The hatching I use in 1PDG is my attempt to reproduce Dyson hatching. Dyson hatching is a common name of a shading method which is very widely used in dungeon maps, but not much anywhere else as far as I know. Dyson hatching is named after Dyson Logos, the inventor (or a popularizer?) of this style.
Here is a link to the tutorial by Dyson himself on how to draw this type of hatching by hand. The idea is to draw sets of three short strokes "pushing" each next set against previous ones. How it could be translated into an algorithm?
First, let's try to draw an arbitrary number of these sets of strokes (I call them clusters) at random locations and random angles.
What's wrong with this result? Two most obvious things:
- Some clusters overlap and cross each other.
- There are empty areas, which should be filled.
We can't fix these issues by adjusting the number of clusters: more clusters would lead to more overlapping, fewer clusters would produce more empty areas. We need a different distribution for clusters.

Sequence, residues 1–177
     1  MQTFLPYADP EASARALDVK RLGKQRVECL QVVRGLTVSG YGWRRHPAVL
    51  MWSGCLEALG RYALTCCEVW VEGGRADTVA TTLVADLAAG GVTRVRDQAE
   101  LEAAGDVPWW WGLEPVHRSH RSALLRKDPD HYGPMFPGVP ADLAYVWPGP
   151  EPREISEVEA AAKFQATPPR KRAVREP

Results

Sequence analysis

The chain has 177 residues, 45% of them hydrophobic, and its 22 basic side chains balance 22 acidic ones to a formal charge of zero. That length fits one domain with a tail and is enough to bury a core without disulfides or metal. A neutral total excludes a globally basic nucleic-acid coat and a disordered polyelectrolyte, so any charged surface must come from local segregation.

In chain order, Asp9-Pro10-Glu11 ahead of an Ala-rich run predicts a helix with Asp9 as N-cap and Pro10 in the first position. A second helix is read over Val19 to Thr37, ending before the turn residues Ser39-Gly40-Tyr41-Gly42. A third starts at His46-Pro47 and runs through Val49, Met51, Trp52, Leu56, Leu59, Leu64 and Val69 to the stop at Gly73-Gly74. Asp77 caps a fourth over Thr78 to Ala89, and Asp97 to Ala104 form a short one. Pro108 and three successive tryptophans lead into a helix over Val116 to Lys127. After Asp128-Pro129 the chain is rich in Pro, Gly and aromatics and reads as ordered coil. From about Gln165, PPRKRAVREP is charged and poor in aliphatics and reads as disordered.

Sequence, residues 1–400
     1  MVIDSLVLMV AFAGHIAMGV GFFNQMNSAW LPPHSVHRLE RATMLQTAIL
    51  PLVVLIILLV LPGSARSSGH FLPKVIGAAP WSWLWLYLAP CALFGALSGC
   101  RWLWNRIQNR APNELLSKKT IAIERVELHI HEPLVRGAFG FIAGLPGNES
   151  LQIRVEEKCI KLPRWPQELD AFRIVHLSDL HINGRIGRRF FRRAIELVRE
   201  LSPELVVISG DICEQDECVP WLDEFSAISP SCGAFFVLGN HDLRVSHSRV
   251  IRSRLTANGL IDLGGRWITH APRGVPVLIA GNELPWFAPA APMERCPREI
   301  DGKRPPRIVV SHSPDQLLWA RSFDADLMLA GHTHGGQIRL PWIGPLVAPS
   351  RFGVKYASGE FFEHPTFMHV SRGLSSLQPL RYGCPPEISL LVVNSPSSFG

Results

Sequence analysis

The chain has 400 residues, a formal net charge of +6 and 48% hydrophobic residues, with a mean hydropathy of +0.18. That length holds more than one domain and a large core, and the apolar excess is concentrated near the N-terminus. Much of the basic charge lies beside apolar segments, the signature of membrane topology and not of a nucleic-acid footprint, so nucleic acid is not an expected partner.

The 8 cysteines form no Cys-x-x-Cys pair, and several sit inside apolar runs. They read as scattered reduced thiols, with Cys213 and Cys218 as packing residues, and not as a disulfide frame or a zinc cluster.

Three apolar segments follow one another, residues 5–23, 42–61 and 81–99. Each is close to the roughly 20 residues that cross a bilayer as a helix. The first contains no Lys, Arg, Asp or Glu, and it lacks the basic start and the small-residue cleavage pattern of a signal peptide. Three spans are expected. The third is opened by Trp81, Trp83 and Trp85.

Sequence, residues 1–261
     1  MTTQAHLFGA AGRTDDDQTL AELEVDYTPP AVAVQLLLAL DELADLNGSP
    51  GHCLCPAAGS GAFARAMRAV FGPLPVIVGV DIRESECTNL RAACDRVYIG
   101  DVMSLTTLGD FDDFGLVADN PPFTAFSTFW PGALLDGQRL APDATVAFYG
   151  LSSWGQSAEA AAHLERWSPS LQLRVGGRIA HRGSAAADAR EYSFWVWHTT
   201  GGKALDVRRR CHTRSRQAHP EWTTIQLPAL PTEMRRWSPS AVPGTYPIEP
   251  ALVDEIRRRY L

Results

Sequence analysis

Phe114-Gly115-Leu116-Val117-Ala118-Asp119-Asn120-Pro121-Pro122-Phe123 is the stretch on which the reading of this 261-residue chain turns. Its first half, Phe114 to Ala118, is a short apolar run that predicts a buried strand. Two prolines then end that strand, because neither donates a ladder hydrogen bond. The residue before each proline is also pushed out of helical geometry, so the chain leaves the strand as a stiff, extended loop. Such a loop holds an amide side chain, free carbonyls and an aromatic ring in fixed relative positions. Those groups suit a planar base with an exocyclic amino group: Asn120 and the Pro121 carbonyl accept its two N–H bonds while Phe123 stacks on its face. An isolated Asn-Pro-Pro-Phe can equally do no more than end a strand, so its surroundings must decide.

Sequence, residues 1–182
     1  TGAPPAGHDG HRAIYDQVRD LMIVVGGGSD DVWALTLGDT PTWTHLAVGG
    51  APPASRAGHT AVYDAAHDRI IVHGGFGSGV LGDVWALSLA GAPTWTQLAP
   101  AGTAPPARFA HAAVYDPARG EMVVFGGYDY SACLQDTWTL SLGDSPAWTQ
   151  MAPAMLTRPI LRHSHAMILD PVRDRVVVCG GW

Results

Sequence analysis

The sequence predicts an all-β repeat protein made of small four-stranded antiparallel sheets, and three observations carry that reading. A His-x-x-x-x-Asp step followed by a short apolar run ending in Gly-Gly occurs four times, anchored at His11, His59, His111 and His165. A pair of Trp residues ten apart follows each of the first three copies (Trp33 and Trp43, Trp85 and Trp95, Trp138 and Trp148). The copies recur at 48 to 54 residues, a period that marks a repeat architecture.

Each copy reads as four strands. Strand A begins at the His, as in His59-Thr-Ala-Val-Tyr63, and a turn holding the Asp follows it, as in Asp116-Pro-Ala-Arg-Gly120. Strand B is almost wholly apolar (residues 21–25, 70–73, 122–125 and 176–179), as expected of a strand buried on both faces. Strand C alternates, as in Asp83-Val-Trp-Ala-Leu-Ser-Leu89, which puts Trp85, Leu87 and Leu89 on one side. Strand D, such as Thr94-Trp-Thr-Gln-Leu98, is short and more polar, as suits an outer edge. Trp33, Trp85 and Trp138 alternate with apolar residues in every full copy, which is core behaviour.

So now let's try Poisson disk sampling. Poisson disk sampling is a distribution of points where any two points are not closer to each other than a certain limit. If we set this limit to the size of a cluster (right now all clusters are of the same size), clusters won't overlap.
This is much better and actually it's pretty close to how the hatching is implemented in 1PDG. But:
- Some lines still overlap. It happens because we treat clusters as circles while in reality they are more like squares. I think it may be ignored.
- There are still gaps between some clusters. Poisson disk sampling doesn't produce tightly packed circles, the distance between any two points is always slightly bigger than that limit parameter.
We can address the second issue by scaling up a cluster by increasing the length of its strokes and the distance between them. It is safe to make its "diameter" equal to the distance between the center of this cluster and the center of the closest one.
Now we get more crossed lines, but in my opinion the overall effect is better.
That's all, that's how Dyson hatching is implemented in 1PDG. I also tried to improve angles to get fewer neighbouring clusters with (almost) parallel strokes, but now I see that my method doesn't produce much difference, so I'm not going to describe it here.
It is still possible to make the hatching look better "cosmetically". In my opinion imperfections are less visible with smaller clusters and relatively thick strokes. In 1PDG I draw strokes not like plain lines, but like actual strokes - slightly curved and a bit thicker in the middle shapes. This makes the hatching more "casual" and its defects kind of more forgivable.
Here are variants with 2 and 4 strokes per cluster:
And finally an example of "dynamic" hatching - how a "cave painter" could look: